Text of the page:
3D-printed medical implants rival performance of less flexible devices

March 18, 2021
3D-printed medical implants might work better than others. (AP Photo/Jens Meyer)

3D-printed medical implants might work better than others. (AP Photo/Jens Meyer)

Researchers proposed a new method to 3D-print metallic alloys for certain medical implants, an alternative to conventional approaches that they said improves the devices' compatibility with cells as well as their integration with the surrounding bone.

The team from Washington State University, Mayo Clinic and Stanford University Medical Center made its case for 3D printing titanium-tantalum alloys for orthopedic and dental applications in a study published Feb. 6 in Materials Today. They said such devices, which were tested in animals and using human cells, are equivalent in performance but better in terms of their compatibility with patients. 

"Various 3D printing, or additive manufacturing, techniques make it relatively easy to design, innovate and manufacture metallic parts with complex shapes on-demand," the study authors wrote. 

They cited the "relative ease" of manufacturing, the patient specificity that may be achieved on an anatomical site and the "'on-the-fly' design flexibility" of 3D printing as reasons that make it "more useful" for metallic implants. 3D printing also helps to "efficiently handle the large difference in melting temperatures" versus conventional techniques of machining these alloys, such as high-temperature furnace melting, the authors wrote. 

Following the enactment of the 21st Century Cures Act and the adoption of U.S. Food and Drug Administration guidance, confidence in 3D printing as a manufacturing platform increased among medical device manufacturers. Part of the $6.3 billion in funding that the 2016 law provided supports medical innovation, including 3D-printing medical devices.

But a knowledge gap regarding the biological response of titanium and tantalum alloys, which is crucial in determining the efficacy of devices made for the human body, has persisted over the years. This, coupled with the unique characteristics that 3D printing can offer in medical devices, such as infection resistance, drove the team to pursue this research project. 

"We will be very excited to see applications," study author Amit Bandyopadhyay, a professor at the School of Mechanical and Materials Engineering at Washington State University, told The Academic Times. "Thousands of patients suffer from infection," and the approach that the study proposed "can be used to make alloys that are inherently infection resistant." 

The FDA has already cleared thousands of 3D-printed medical implants that are on the market and in use, and surgeons and patients often don't even know these implants were 3D-printed, Bandyopadhyay noted. The devices can be 100% tantalum, Bandyopadhyay said; one such example is from Zimmer Biomet. "We showed that between 10% and 25% `tantalum and in titanium is good enough to give you the equivalent performance of 100% tantalum metal," he said.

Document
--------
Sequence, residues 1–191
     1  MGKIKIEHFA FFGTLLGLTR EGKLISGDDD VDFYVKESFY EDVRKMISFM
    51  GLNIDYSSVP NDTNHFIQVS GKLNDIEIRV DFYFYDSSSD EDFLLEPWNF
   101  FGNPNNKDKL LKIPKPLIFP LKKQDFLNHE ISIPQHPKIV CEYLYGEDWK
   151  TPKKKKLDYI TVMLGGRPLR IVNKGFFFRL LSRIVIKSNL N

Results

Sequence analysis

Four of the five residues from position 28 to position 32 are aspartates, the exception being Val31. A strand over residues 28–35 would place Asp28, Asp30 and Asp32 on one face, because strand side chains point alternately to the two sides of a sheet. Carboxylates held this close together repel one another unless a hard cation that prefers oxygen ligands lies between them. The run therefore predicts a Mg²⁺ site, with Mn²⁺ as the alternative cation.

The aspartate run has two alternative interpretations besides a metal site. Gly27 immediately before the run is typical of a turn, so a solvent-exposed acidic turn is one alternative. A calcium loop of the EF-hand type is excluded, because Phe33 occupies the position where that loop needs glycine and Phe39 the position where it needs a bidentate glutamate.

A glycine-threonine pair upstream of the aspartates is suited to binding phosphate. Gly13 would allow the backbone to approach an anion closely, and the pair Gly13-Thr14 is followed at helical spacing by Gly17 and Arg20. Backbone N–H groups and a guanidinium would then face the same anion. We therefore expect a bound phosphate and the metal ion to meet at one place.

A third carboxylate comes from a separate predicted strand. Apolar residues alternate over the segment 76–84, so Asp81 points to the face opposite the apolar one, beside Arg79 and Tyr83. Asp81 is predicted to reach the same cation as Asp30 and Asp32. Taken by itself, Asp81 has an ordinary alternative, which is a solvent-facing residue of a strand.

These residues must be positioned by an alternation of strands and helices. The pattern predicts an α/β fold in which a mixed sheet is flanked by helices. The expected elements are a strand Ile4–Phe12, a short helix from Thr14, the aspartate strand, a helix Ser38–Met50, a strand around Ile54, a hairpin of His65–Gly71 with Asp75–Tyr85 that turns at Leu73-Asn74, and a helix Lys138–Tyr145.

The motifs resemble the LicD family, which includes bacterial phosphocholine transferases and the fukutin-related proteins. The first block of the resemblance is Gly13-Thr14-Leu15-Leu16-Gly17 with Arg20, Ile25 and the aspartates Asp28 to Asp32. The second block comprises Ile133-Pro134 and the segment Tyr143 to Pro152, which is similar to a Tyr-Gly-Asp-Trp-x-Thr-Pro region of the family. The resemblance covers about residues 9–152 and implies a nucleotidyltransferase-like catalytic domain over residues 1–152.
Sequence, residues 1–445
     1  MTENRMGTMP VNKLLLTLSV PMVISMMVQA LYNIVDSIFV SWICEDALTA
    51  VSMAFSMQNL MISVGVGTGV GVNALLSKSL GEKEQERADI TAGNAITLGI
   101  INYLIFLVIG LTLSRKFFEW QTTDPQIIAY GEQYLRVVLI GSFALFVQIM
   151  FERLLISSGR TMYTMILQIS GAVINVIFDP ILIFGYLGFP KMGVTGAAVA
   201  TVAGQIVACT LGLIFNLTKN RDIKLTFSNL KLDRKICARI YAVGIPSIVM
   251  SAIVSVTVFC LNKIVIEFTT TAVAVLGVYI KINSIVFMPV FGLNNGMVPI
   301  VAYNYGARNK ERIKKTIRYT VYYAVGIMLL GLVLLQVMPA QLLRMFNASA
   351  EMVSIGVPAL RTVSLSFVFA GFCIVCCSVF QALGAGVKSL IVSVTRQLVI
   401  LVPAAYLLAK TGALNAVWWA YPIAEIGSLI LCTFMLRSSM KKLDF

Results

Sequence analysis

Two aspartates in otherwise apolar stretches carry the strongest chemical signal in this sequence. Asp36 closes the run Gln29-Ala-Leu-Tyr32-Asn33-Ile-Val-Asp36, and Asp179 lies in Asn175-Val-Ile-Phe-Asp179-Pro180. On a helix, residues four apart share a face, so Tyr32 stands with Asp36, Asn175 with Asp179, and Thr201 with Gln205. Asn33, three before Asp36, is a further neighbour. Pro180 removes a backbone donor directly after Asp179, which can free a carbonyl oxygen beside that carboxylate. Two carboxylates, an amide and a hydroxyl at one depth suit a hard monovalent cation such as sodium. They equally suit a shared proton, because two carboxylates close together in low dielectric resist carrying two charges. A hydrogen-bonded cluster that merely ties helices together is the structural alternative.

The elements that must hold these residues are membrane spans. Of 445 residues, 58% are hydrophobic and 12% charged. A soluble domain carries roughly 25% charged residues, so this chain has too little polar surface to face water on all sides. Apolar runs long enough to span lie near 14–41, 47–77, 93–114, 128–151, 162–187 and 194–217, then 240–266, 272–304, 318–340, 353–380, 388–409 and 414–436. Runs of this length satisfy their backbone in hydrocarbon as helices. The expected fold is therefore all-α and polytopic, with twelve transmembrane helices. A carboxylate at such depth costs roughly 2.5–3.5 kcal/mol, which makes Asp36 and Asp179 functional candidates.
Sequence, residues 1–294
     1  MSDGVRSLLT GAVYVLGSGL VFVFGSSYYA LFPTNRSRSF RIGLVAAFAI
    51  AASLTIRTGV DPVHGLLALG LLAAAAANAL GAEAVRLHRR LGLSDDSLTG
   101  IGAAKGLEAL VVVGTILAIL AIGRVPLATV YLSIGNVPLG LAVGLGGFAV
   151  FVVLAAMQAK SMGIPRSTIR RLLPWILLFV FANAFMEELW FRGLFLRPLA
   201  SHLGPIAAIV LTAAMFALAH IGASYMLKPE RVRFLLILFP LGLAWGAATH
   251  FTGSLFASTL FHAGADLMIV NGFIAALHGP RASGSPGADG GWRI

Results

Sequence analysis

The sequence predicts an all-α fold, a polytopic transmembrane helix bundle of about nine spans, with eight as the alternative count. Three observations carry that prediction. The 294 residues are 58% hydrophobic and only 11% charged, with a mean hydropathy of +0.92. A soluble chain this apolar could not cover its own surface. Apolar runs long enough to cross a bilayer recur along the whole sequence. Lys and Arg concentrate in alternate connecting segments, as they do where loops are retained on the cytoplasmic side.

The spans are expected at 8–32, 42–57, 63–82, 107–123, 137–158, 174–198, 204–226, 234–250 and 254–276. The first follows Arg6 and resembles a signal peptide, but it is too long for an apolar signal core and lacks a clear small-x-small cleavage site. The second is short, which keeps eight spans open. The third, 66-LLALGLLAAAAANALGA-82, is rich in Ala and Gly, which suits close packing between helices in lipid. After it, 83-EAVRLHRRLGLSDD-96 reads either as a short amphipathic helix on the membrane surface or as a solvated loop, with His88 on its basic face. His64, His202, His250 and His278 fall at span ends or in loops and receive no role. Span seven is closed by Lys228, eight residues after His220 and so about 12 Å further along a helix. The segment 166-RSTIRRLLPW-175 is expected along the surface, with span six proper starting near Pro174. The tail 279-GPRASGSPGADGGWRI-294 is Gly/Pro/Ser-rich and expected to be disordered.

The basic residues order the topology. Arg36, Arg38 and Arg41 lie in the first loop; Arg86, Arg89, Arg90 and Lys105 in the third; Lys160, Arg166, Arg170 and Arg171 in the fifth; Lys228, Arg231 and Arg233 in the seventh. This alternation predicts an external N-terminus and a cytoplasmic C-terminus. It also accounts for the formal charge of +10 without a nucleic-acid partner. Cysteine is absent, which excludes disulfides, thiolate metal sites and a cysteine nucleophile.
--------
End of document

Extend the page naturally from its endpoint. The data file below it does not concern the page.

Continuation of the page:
For the study, the team used 3D printing to create multiscale structural metal implants. Studies in vitro, in human cells and in vivo, in rabbits, then examined whether coming in contact with implants could harm the animal cells and affect bone ingrowth into the medical implants. 

The researchers found that together, the mechanical and biological properties bonded in such a way that improved the implants, including by making them more stable. The nanoscale design elements integrated at the surface of the implants were shown to enhance cell migration and adhesion, and to influence overall bone remodeling.

The question the team had posed was whether titanium-tantalum biomaterials could be designed by "incorporating the excellent biocompatibility of tantalum and good mechanical processability of titanium for biomedical applications." 

Indeed, the researchers observed that different types of porosities bonded with the body faster, resulting in shorter healing times. Osseointegration, or 3D-printed implants' adhesions to surrounding host bones functioning as tissues, was also enhanced. 

The project included rat and rabbit distal femur studies to address reported issues with a poor biological response of titanium alloys. The team highlighted directed energy deposition, a category in 3D-printing techniques, in arguing that their work "shows the design and manufacturing flexibility of 3D printing can help bring the exceptional biocompatibility of [tantalum] together with excellent mechanical properties of [titanium] to innovate the next generation of metallic biomaterials for implants." 

Bandyopadhyay noted that a "great deal of new materials" can be created by mixing materials through 3D printing.

"With the help of 3D printing, we can come up with new alloys where devices can show equivalence, and sometimes an even better performance," he said. 

This means that rather than making 10,000 implants of metals and alloys to only sell 2,000, medical device manufacturers can produce these based on demand. And instead of taking another 10 years to come up with different alloys, they "can come up with different alloys in a few months, if not a few days" Bandyopadhyay said. 

The team plans to pursue additional studies beyond biocompatibility.

The study, "3D Printing in alloy design to improve biocompatibility in metallic implants," published Feb. 6 in Materials Today, was authored by Indranath Mitra, Susmita Rose, William S. Dernell, Nairanjana Dasgupta, Chrissy Eckstrand and Amit Bandyopadhyay, Washington State University; Jim Herrick and Michale J. Yaszemski, Mayo Clinic; and Stuart B. Goodman, Stanford University Medical Center.

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